Exaggeration, fears, gradual acceptance, trust and deal-making were identified as among the dynamics of a relationship between sacrifice of privacy and gaining technologically-assisted benefits, at an energetic panel session at last week's biometrics conference in Wellington.
Discussion ranged beyond biometrics to citizens' confidence in "joined-up government" and the shock of finding an Indian helpdesk apparently in possession of personal information entrusted to a US company's Australian branch.
A rational person might find it very difficult to be opposed to the alleged privacy invasion of a biometric "when we've already accepted that we're safer with CCTV cameras in our streets," says privacy lawyer John Edwards. On the other hand, a significant number of citizens had raised objections to their driver's licence photographs being digitised.
"At the heart of it is the deal," says Australian code of practice coordinator Terry Aulich. It's a matter of the privacy citizens are prepared to give up, including their perception of the possibility of subsequent abuse, in return for increased convenience in the transaction or some other kind of "reward".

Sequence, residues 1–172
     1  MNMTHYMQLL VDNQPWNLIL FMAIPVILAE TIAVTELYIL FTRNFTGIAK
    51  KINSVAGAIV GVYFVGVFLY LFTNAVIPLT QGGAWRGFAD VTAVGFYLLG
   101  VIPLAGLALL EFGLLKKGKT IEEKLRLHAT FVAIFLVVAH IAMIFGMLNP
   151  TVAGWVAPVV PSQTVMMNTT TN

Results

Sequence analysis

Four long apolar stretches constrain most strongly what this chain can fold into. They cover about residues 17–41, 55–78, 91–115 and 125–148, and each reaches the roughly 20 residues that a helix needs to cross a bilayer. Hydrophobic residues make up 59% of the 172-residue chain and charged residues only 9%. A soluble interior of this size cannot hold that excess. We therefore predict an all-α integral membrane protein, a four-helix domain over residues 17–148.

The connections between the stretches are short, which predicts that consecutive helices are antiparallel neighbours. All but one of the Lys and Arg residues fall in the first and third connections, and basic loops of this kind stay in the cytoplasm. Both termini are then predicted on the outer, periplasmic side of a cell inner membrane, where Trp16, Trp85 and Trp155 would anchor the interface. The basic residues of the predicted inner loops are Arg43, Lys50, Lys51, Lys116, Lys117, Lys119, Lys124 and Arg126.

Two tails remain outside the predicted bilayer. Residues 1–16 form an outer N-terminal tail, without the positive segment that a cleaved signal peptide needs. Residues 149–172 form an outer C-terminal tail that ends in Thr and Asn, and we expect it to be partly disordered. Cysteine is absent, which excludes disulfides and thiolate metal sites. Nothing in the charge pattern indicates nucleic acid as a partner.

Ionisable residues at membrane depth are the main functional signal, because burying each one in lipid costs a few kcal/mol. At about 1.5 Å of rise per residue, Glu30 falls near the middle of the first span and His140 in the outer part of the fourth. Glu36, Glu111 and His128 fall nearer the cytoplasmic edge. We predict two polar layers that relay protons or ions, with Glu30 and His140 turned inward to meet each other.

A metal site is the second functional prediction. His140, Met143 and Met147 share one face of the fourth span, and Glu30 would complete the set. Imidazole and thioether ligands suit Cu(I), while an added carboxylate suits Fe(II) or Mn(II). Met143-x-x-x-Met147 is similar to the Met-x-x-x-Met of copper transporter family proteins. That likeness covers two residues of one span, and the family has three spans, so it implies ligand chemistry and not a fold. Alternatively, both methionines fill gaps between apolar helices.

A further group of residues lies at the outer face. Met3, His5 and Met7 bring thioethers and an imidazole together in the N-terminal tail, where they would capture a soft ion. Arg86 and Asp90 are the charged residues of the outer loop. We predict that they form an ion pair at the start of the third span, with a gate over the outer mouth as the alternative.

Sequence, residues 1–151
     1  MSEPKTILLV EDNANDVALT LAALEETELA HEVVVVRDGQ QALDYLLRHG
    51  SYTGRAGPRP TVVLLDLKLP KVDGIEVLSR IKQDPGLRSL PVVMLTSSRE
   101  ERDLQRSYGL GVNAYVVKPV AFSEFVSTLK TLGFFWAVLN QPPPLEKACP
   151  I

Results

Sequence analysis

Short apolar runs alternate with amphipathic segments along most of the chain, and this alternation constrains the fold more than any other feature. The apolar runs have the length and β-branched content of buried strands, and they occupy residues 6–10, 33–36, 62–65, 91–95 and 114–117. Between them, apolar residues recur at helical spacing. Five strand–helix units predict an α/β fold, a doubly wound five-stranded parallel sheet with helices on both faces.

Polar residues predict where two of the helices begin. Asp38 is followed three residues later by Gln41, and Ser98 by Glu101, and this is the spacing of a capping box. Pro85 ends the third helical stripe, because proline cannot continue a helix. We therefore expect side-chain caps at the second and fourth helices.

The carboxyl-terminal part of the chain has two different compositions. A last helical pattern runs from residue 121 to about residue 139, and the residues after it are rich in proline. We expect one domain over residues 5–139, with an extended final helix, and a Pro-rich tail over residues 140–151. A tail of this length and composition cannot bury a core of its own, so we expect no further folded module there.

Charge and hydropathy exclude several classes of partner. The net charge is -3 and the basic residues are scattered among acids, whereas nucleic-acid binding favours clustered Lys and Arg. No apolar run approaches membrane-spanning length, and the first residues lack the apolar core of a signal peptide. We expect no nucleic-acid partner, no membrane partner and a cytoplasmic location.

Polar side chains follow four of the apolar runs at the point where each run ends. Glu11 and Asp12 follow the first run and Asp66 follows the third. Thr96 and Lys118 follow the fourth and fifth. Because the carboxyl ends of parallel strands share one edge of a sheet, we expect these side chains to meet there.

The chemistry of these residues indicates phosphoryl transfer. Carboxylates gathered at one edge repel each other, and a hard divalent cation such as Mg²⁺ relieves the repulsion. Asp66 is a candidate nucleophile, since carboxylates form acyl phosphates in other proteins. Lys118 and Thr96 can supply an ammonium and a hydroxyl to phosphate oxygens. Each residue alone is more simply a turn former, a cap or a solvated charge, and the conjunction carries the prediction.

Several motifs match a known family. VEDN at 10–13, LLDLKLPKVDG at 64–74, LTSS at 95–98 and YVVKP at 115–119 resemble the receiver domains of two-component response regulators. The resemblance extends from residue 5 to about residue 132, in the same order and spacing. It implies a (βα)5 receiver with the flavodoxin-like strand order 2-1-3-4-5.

"Some people are more knowledgeable about the 'deal' they're making than others will be," he said.
In an earlier era, "joined-up government", where one government agency exchanges a citizen's personal information with another, "was seen as a bogeyman. Now [many citizens] see it as a sensible way of easing their burden of compliance with the law."
In practice, "Big Brother" activity is more likely to come from private industry than government, says Aulich; public trust in government to do the right thing is still high, "though it's dropped back a bit recently." Government and the media are two of the few groups exempted from the provisions of Australia's Privacy Act, he notes.
One delegate raised the question of export of personal information overseas. American Express has to abide by financial regulations that say it is not allowed to export Australian customers' data outside Australia; yet a customer asking for help recently had his call answered by an Indian outsourcing company. Biometrics Institute director Terry Hartmann suggests the helpdesk operator could well have been working over a link with an Amex database on Australian soil, so technically no breach would have occurred.
It is possible for a customer to contract out of such regulations by ticking a box on the application form, says a spokeswoman for the Australian Privacy Commissioner's office. The office is currently considering such issues of "what we call 'bundled consent', where a privacy right is surrendered as the only way of gaining some benefit [like 24-hour helpdesk service]."
The bundled consent issue was raised last month by Paul Ducklin of security company Sophos, in connection with users signing licensing agreements for programs knowing they contained adware or spyware.